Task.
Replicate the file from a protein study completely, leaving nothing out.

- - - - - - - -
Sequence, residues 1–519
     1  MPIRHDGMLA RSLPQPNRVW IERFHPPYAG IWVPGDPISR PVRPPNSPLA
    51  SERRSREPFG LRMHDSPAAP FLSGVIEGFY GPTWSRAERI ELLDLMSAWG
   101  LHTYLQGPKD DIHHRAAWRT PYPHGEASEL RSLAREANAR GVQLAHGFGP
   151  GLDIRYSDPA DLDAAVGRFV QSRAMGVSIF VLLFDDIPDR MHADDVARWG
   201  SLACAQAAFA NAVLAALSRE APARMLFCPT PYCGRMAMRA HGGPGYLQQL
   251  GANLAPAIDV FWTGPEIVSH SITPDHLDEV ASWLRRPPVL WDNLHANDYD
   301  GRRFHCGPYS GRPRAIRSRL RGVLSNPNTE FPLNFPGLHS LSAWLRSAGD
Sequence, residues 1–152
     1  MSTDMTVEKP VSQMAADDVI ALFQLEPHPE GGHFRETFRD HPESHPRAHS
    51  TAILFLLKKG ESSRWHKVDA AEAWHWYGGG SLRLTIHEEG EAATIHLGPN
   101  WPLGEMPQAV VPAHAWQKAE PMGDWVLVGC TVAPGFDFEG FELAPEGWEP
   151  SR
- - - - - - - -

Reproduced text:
Sequence, residues 1–519
     1  MPIRHDGMLA RSLPQPNRVW IERFHPPYAG IWVPGDPISR PVRPPNSPLA
    51  SERRSREPFG LRMHDSPAAP FLSGVIEGFY GPTWSRAERI ELLDLMSAWG
   101  LHTYLQGPKD DIHHRAAWRT PYPHGEASEL RSLAREANAR GVQLAHGFGP
   151  GLDIRYSDPA DLDAAVGRFV QSRAMGVSIF VLLFDDIPDR MHADDVARWG
   201  SLACAQAAFA NAVLAALSRE APARMLFCPT PYCGRMAMRA HGGPGYLQQL
   251  GANLAPAIDV FWTGPEIVSH SITPDHLDEV ASWLRRPPVL WDNLHANDYD
   301  GRRFHCGPYS GRPRAIRSRL RGVLSNPNTE FPLNFPGLHS LSAWLRSAGD
Sequence, residues 1–152
     1  MSTDMTVEKP VSQMAADDVI ALFQLEPHPE GGHFRETFRD HPESHPRAHS
    51  TAILFLLKKG ESSRWHKVDA AEAWHWYGGG SLRLTIHEEG EAATIHLGPN
   101  WPLGEMPQAV VPAHAWQKAE PMGDWVLVGC TVAPGFDFEG FELAPEGWEP
   151  SR